CC: I actually just moved out of New York. I just moved to my house on the beach in Long Island, 45 minutes from the city. I bought a house on the water, and it’s the same ocean as the Hamptons, for a fraction of the cost. It’s close enough for me to come into the city, and to the hospital and my doctors. And I live half the year in Miami, and I am going to live in Alaska, probably once a year. I can still come into the city, but I don’t like the weather anymore — it’s going to kill me.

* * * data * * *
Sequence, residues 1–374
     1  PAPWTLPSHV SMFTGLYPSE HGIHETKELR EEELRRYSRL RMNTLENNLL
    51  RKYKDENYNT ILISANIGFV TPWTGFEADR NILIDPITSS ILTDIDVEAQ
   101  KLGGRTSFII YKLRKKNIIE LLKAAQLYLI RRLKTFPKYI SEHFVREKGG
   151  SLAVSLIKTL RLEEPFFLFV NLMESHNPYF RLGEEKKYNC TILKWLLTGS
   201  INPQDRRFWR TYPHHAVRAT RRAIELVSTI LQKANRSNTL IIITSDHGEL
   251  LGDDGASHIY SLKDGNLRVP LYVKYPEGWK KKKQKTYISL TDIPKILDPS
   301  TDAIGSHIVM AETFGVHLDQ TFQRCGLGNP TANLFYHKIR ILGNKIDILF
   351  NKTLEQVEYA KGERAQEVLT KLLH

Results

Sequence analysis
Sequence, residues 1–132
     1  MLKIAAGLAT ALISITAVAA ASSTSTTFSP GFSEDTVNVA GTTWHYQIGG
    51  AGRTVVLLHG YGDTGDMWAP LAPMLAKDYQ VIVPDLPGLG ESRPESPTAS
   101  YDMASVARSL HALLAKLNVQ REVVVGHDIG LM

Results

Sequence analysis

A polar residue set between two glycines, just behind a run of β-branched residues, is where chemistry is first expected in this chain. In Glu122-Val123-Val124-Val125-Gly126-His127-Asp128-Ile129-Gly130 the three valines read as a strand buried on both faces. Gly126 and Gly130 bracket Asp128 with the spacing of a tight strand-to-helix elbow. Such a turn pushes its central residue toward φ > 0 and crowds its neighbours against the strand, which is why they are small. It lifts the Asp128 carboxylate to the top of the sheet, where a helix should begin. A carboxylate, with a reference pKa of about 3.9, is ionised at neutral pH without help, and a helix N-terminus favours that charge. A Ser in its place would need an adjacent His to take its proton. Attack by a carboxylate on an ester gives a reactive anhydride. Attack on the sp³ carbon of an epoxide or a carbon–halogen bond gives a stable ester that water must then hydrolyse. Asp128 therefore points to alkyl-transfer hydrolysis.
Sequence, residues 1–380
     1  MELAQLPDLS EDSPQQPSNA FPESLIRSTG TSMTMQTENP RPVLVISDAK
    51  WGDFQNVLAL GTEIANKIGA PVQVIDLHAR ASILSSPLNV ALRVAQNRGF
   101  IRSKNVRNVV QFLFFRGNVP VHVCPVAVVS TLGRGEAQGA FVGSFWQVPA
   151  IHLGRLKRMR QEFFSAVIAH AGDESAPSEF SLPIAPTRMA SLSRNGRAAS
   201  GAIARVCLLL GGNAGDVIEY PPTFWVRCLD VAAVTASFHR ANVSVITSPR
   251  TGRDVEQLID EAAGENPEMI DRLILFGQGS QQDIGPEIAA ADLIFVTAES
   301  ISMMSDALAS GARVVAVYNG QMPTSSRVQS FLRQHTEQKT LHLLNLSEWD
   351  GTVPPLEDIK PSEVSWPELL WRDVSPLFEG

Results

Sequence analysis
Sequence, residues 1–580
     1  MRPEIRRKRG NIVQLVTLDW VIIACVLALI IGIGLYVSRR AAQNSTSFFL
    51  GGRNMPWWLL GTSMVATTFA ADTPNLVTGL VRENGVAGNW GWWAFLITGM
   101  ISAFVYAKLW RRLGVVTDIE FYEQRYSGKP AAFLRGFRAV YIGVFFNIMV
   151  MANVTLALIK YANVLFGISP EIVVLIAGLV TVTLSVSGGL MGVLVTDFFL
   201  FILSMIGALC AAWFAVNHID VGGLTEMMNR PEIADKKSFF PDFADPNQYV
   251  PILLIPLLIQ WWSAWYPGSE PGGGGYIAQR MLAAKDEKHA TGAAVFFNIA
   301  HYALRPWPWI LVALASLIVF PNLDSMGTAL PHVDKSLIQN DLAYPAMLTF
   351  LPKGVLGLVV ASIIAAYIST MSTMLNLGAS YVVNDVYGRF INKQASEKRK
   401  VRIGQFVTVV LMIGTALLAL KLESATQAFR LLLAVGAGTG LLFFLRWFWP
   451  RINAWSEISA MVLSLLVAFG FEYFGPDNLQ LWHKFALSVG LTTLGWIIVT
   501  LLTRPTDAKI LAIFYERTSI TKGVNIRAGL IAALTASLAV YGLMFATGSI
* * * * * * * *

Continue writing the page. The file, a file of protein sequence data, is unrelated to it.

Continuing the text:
KB: Any inspiration or ideas for a young artist, maybe some advice and some thoughts?
CC: I always say inspiration is for amateurs; the rest of us just show up and get to work.